For functional enrichment, a hypergeometric test was employed using the human orthologue obtained from the B. taurus annotation. Differentially expressed sets from the different study groups were processed using ClusterProfiler [32], a Bioconductor package, to search for biological processes involved. This tool screens for genes in specific databases (i.e. Gene Ontology (GO), Kyoto Encyclopedia of Genes and Genomes (KEGG), Reactome, etc.) to evaluate biological annotations that rise as over-represented. Categories with a Padj ≤ 0.05 for each condition were selected. The lists of generated GO terms were summarized in clusters by removing redundant GO terms using the REVIGO tool [33]. The Database for Annotation, Visualization and Integrated Discovery (DAVID) [34] was used to investigate the functional annotation or biological meaning of specific genes of interest. KEGG maps were generated using the R package Pathview [35].

Transcriptomic validation by RT-qPCR

Three additional biological replicates for each condition obtained from three independent experiments were collected and prepared as described for RNA-seq analysis. cDNA was reverse transcribed from extracted RNA using the master mix SuperScript VILO cDNA Synthesis Kit (Invitrogen, Paisley, UK). The expression of selected genes of interest was measured by quantitative real-time PCR (qPCR) using four serial dilutions of each sample (1:20; 1:80; 1:320; and 1:1280) and normalized to the housekeeping gene beta actin (ACTB, ENSBTAG00000026199) and glyceraldehyde-3-phosphate dehydrogenase (GAPDH, ENSBTAG00000014731). Reactions were performed in a 7500 Fast Real-Time PCR System (Applied Biosystems, Foster City, CA, USA) using Power SYBR PCR Master Mix (Applied Biosystems) with the following amplification conditions: 95 °C for 10 min followed by 40 cycles at 95 °C for 15 s and 60 °C for 1 min. Quantitative curves showed a R2 ≥ 0.992; slope values varied from − 3.67 to − 3.13). Genes used for transcriptomic validation were selected from the most representative signaling pathways enriched from N. caninum live infection. Relative gene expression of MØ7, MØ1H and MØHK was calculated by comparing with the expression in MØC using the 2-ΔΔCq method [36]. Primers are listed in Additional file 1: Table S1.

Immunofluorescence analysis of NF-ƙB p65 nuclear translocation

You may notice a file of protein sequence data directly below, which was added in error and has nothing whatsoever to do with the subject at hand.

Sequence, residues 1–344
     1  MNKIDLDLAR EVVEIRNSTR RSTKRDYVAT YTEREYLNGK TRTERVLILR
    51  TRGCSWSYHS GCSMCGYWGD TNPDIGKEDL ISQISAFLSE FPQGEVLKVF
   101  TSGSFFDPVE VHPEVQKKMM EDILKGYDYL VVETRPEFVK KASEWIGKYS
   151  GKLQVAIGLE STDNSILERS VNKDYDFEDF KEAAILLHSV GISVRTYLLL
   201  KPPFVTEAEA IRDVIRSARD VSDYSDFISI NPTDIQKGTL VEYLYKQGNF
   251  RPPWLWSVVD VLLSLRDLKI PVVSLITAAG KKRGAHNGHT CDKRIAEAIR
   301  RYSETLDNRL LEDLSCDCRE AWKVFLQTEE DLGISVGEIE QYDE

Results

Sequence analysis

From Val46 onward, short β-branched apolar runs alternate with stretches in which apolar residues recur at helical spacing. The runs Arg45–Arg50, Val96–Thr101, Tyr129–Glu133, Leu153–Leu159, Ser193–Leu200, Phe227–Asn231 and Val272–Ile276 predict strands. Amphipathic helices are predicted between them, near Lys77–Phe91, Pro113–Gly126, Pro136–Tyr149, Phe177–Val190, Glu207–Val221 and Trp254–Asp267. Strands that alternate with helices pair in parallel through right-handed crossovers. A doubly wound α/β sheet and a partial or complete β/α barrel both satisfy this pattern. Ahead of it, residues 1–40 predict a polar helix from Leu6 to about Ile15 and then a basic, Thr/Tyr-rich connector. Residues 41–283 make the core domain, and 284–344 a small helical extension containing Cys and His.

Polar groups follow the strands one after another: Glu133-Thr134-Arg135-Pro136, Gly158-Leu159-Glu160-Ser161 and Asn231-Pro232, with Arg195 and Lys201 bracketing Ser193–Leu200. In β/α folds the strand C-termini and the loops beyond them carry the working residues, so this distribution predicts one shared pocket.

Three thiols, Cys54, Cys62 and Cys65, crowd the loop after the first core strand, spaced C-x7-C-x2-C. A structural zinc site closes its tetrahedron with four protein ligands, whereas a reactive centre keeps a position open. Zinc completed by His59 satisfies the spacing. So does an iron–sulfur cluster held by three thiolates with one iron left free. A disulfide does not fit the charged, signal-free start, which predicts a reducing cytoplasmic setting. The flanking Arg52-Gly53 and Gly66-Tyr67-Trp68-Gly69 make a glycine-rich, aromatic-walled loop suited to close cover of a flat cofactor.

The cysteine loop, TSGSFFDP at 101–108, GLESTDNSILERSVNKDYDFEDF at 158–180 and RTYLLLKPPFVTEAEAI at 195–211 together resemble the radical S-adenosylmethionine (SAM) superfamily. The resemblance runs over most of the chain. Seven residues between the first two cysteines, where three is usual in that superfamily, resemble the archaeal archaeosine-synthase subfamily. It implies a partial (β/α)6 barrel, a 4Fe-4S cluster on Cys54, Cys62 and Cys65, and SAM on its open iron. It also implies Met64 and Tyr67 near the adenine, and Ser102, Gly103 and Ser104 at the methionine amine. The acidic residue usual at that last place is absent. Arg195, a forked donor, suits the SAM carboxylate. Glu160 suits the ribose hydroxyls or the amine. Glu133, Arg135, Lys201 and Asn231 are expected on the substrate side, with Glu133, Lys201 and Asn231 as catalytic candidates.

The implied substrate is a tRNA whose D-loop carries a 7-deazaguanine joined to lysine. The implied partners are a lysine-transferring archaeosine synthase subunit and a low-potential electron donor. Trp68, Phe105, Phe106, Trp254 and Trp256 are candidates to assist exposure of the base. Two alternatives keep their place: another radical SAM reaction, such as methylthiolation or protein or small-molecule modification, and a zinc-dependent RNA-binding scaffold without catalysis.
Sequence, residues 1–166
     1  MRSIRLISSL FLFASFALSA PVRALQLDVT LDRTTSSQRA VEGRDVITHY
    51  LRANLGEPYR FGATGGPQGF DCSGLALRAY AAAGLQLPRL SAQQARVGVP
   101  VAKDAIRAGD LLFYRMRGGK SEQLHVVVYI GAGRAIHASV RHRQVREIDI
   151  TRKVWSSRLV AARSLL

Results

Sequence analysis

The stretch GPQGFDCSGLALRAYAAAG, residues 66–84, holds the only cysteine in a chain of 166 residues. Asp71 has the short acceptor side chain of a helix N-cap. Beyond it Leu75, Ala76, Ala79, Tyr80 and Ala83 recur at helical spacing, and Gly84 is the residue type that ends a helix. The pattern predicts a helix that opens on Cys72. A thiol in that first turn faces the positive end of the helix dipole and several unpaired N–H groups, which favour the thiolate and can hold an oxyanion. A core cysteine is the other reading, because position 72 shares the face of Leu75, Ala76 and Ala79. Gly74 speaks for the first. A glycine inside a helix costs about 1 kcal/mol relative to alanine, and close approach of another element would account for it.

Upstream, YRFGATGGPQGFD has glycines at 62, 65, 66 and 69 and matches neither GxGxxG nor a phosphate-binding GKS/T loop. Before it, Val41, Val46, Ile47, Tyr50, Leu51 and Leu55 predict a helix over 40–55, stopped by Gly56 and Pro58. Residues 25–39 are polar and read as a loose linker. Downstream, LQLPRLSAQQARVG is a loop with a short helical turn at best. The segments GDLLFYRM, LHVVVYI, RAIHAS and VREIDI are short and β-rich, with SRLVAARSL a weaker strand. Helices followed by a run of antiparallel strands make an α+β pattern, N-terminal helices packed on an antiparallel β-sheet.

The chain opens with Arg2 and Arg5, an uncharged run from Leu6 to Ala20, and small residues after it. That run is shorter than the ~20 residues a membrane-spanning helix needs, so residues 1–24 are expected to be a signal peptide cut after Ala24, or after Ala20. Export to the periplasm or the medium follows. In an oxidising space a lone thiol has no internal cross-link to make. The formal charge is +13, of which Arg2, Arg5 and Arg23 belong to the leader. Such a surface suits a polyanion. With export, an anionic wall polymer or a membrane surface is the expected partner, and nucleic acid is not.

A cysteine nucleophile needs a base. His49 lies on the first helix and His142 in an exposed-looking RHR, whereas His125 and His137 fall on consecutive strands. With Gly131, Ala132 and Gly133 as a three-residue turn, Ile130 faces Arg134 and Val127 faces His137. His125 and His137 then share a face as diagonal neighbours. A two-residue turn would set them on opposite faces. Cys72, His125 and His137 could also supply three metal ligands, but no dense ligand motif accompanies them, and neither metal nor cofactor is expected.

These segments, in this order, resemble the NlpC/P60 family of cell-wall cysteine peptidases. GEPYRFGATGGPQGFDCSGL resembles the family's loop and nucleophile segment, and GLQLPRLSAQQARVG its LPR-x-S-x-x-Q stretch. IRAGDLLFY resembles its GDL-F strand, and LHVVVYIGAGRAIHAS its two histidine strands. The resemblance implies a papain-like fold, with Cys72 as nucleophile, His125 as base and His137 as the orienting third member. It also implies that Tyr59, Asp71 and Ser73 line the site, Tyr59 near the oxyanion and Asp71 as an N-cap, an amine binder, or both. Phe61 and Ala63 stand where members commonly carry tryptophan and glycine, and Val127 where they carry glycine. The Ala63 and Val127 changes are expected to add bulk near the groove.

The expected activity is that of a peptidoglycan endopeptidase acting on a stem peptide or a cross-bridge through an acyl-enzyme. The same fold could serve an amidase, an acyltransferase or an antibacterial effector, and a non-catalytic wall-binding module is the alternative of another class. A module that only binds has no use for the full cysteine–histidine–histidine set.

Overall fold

In a new assay, the induction of NF-ƙB activation by N. caninum infection was investigated by analysing the nuclear translocation of the NF-ƙB p65 transcription factor. MØs were seeded on poly-l-lysine-coated coverslips (Sigma-Aldrich) at a density of 3 × 105 cells/coverslip and inoculated with Nc-Spain7, Nc-Spain1H or HK tachyzoites at an MOI of three. Non-infected MØs were used as a negative control. Cultures were fixed at 8 hpi with 0.05% glutaraldehyde and 3% paraformaldehyde, permeabilized with 0.25% Triton X-100 for 20 min at 37 °C, and blocked with 3% bovine serum albumin (BSA; Roche, Mannheim, Germany) for 1 h at room temperature (RT). Cells were labeled with anti-NF-ƙB p65 rabbit polyclonal antibody (Sigma-Aldrich) at 2 µg/ml in 1% BSA for 3 h. Then, Alexa Fluor 488-conjugated goat anti-rabbit IgG (Thermo Fisher Scientific) was used as a secondary antibody at a dilution of 1:400 for 30 min at RT. Parasites were stained using hyperimmune mouse antiserum directed against N. caninum tachyzoites (1:200) as the primary antibody [37] for 1 h and Alexa Fluor 594-conjugated goat anti-mouse IgG (Thermo Fisher Scientific) as the secondary antibody for 30 min at RT. The nuclei were stained by washing the cells with DAPI (Thermo Fisher Scientific) at 1:5000 in PBS, and the coverslips were embedded in Fluoroprep (BioMerieux, Marcy-l’Étoile, France). Images were acquired with a Leica TCS SPE confocal microscope with a 40× objective by using the laser lines 405 nm, 488 nm and 547 nm, and overlaid using Photoshop CS6 v13.0 (Adobe Systems Incorporated, San José, CA, USA). Determination of nuclear/cytoplasm mean fluorescence ratios (Fn/c) by image analysis was carried out as described by Sánchez-Aparicio et al. [38], using the Image J1.51n software: Fn/c = Fn–Fb)/(Fc–Fb) where Fn is the nuclear fluorescence, Fc is the cytoplasmic fluorescence, and Fb is the background fluorescence. Cells exhibiting an unusual morphology, size or expression levels were discarded. A total of 100 cells were analyzed by condition by each of three biological replicates. The statistical significance of the data was evaluated by one-way ANOVA, followed by Tukey’s post-hoc test for multiple comparisons, using GraphPad Prism 7 v7.04 (GraphPad Inc, San Diego, CA, USA). Differences were considered statistically significant when P < 0.05.